"But what about the CGI business?"

"Well, Johnny, it won't affect it much. You know that we are redeveloping the Rickyard site at Manston for the business," Uncle Ben stated. I nodded. I knew about that. "Well, when we told the staff about it and confirmed that it was on, about two thirds of them wanted to move to the Rickyard."

"Why should they want to do that?" I enquired.

"Housing," Uncle Phil stated. "Most of our staff are in their late twenties or early thirties and are in the process of starting a family or have a young family. For what they are paying for a one bedroom flat around Chiswick they can buy a four bedroom house around Manston. There are some, of course, who live outside of London and commute in, A couple of them reckon it would be easier to commute to Manston than coming into London every day. The only staff who will have a problem are those who live south of the river."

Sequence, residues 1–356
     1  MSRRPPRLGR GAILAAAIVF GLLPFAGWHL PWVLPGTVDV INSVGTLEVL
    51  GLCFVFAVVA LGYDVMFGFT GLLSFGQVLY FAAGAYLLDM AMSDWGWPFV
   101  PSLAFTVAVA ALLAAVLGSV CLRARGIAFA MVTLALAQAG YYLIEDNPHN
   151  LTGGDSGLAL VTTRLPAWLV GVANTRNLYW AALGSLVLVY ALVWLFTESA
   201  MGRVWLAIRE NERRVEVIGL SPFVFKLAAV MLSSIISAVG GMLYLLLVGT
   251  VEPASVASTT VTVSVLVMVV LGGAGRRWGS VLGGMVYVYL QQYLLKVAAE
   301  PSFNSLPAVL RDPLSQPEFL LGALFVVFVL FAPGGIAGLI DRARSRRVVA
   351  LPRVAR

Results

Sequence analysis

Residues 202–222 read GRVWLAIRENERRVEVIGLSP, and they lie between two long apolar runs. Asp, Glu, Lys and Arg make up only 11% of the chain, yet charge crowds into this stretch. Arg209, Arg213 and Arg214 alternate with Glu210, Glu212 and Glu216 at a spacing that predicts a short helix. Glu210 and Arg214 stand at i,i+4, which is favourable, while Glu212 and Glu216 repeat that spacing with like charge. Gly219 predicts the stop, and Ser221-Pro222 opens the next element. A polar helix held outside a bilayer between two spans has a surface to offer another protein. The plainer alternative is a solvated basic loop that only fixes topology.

"What are you going to do about them?" Dad said.

"Not decided. We might accommodate them in the Wardour Street office, alternatively we could put them in the place the trust owns down in Croydon."

"We've got property in Croydon?" I asked.

"Yes, the trust owns an office block in South Croydon," Uncle Bernard stated. "Most of it is let out to the local authority and the NHS Trust. The last figures I saw on the place said we had a ninety-five percent occupancy."

I made a mental note to check the asset list for the trust I had got from Uncle Bernard.